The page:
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American Retroworks reaches settlement in Closed Loop case

American Retroworks shipped over 2.5 million pounds to Closed Loop between May 2012 and January 2014, halting shipments before most of the other defendants did. | mojo cp/Shutterstock

Another e-scrap processor that sent CRT glass to Closed Loop Refining and Recovery has agreed to settle its legal fight with landlords.

Middlebury, Vt.-headquartered American Retroworks agreed to pay $60,000, which, on a per-pound-shipped basis, is less than any other settlement sum reached to date.

Warehouse owners Garrison Southfield Park and Olymbec USA filed complaints in March 2019 naming over 40 CRT suppliers, including American Retroworks, as defendants. They want the suppliers to pay to help clean up the three facilities, which hold an estimated 160 million pounds of CRT materials. The case is in the U.S. District Court for the Southern District of Ohio.

Consultants working for Garrison Southfield Park recently uploaded a trove of cleanup plan documents, spelling out the estimated costs and strategies for removing material and decontaminating the buildings.

American Retroworks shipped over 2.5 million pounds between May 2012 and January 2014, halting shipments before most of the other defendants did. Closed Loop shut down and abandoned the sites in early 2016.

During previous settlements, the total estimated cleanup cost was $18.4 million. Based on that estimate, most settlements to date have equaled 14 cents for each pound the companies shipped, although a couple others have paid less.

The recently released cleanup documents include a new estimate for the project cost: $22.2 million, according to a May 18 motion to approve to American Retroworks settlement. Based on that number, American Retroworks’ share would be $427,615, the document states. That comes out to nearly 17 cents for each pound the company shipped.

But the processor can’t afford to pay that amount, the court papers state, and the company provided landlords with five years of income tax returns to demonstrate that point.

“Plaintiffs have examined these financial records and concur with Settlor’s representation,” the motion states. “In three of the past five years, Settlor’s operating revenue for tax purposes was less than the deductions, and Settlor had a negative retained earnings at the end of 2019.”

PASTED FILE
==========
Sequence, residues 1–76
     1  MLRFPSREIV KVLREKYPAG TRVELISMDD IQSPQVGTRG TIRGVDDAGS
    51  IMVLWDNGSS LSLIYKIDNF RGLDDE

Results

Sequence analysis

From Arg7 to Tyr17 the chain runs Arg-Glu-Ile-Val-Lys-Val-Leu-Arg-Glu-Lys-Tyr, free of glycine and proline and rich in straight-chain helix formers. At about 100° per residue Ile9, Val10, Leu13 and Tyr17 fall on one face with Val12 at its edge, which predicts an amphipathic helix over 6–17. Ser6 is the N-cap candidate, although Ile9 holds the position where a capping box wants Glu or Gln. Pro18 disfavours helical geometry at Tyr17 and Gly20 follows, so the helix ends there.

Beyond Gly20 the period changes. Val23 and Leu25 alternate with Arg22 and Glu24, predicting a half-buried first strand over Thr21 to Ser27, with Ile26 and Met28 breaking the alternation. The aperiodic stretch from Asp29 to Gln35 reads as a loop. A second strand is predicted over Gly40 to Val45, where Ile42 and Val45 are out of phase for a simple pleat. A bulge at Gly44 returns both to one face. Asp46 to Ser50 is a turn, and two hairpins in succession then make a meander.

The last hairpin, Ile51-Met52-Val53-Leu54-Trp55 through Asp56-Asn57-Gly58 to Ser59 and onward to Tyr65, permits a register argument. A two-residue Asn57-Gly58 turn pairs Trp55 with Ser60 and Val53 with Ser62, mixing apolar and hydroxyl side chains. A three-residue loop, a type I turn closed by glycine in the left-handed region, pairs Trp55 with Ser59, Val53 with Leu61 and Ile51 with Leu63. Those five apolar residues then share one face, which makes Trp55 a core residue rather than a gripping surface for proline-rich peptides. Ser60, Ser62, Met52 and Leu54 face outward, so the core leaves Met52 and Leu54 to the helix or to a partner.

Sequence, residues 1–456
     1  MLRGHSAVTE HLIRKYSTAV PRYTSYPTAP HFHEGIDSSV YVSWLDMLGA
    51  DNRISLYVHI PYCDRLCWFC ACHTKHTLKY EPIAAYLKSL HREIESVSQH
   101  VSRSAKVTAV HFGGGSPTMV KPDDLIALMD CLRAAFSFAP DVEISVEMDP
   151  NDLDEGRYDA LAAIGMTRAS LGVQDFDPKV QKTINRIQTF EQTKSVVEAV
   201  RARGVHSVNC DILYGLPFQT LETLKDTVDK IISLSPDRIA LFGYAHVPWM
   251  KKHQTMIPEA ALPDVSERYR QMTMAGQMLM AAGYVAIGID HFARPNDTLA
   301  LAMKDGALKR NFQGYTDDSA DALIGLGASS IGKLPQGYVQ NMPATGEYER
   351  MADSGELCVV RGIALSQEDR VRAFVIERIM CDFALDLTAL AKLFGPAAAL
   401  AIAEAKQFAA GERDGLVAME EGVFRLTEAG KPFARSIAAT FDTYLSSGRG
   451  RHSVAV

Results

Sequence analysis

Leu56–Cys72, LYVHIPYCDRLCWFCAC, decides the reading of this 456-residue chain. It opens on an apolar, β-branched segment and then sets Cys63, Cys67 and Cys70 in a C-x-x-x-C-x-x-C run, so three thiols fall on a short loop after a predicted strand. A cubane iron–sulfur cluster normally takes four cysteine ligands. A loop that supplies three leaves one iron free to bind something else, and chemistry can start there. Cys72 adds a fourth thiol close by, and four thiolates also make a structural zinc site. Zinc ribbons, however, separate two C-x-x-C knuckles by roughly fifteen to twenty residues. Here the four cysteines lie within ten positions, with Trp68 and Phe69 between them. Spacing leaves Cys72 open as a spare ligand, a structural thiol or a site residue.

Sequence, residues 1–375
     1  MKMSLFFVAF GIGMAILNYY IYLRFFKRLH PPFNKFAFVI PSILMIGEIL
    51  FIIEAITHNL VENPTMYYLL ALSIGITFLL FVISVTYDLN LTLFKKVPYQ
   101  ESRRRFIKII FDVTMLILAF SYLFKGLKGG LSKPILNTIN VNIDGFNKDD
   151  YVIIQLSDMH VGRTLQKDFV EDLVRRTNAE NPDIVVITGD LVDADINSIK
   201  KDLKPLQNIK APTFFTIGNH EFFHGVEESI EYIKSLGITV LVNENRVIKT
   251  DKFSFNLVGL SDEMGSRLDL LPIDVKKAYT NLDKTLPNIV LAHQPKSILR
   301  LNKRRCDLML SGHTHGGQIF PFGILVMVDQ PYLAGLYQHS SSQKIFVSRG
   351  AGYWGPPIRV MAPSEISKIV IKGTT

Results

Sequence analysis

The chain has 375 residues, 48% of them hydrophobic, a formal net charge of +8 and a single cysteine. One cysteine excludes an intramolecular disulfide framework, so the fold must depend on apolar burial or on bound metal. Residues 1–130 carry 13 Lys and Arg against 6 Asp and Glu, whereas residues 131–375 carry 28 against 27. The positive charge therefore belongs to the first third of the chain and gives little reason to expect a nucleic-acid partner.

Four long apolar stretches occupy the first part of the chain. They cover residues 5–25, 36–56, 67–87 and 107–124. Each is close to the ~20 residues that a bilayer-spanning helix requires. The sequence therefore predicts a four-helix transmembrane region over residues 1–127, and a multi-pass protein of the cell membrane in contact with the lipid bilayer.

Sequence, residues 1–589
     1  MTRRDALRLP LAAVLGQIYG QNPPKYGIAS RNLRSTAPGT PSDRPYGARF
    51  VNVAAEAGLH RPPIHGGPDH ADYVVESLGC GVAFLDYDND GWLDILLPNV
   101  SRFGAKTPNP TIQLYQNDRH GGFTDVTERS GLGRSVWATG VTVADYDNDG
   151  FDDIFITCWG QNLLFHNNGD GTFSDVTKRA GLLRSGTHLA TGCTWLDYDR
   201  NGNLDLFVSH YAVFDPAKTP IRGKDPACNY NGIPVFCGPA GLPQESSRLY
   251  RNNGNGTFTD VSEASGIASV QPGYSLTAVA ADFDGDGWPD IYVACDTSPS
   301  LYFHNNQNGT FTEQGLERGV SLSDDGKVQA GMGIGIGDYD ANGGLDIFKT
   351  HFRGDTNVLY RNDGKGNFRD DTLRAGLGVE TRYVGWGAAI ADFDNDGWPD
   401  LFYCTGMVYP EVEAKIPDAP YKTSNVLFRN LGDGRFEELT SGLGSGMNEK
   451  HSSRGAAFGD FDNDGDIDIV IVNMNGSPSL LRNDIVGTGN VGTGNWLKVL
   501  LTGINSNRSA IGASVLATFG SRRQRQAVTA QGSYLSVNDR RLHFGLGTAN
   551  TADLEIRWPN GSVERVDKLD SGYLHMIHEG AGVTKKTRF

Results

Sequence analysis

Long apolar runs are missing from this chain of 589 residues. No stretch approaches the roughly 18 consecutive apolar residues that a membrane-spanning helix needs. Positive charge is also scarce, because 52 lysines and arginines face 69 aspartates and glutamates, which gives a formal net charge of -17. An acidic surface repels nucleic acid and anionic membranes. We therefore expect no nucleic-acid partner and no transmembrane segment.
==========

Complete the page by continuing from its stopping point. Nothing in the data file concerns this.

In a declaration to the court, American Retroworks President Robin Ingenthron said “the share of costs assigned to Settlor cannot be funded from company assets or any projected cashflow that might occur in the near future. Settlor does not foresee any opportunity to raise these additional funds through its current or anticipated operations.”

As part of the deal, American Retroworks will provide an immediate $10,000 payment and then $5,000 monthly payments over the next 10 months. The total comes out to about 2.4 cents per pound shipped by the company. The settlement agreement was submitted to the court on May 18. A judge has not yet ruled on it.

While most other settling parties have agreed to pay the equivalent of 14 cents a pound, one other for-profit processor, eCycleSecure, reached a deal to pay the equivalent of 12.8 cents a pound. And a nonprofit processor, Comprenew, paid the equivalent of 2.5 cents per pound.

To date, 15 defendants have settled and been removed from the case, nine have reached settlement agreements but the judge hasn’t ruled on them yet, three were dropped from the case because they’re out of business, and three were ruled in default because they never responded to the lawsuit. The above companies shipped over 25 million pounds.

Another 12 defendants have not reached settlements and remain active in the case. Many of them are defending themselves and have filed counterclaims against the landlords. Court papers allege those dozen companies shipped nearly 95 million pounds.

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